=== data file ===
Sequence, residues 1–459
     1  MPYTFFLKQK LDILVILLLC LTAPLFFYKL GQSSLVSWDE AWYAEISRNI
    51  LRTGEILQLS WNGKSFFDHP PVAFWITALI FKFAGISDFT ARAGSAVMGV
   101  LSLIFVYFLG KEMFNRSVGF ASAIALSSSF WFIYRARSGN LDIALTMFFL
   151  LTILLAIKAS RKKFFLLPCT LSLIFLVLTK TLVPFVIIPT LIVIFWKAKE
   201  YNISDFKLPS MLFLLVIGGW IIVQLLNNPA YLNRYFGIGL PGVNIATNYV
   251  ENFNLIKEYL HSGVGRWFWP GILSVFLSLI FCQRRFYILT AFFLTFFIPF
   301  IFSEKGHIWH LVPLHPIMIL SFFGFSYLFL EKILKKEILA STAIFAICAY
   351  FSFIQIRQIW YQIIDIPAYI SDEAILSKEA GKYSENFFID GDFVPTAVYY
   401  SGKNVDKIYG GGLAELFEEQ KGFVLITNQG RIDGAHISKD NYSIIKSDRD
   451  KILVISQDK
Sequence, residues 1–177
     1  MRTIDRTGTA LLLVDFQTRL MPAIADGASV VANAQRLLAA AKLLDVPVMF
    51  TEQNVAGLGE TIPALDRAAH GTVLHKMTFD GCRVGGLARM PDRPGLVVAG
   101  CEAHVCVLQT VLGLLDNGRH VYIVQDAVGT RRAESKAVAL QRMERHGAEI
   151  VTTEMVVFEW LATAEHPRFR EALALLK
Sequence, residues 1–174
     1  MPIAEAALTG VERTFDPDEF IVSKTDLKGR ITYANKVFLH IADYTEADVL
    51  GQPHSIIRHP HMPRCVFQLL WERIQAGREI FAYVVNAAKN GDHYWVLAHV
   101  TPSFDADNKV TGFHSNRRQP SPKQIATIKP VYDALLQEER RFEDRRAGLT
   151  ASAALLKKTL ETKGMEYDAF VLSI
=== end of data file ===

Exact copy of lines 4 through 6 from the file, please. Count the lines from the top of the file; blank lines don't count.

   101  LSLIFVYFLG KEMFNRSVGF ASAIALSSSF WFIYRARSGN LDIALTMFFL
   151  LTILLAIKAS RKKFFLLPCT LSLIFLVLTK TLVPFVIIPT LIVIFWKAKE
   201  YNISDFKLPS MLFLLVIGGW IIVQLLNNPA YLNRYFGIGL PGVNIATNYV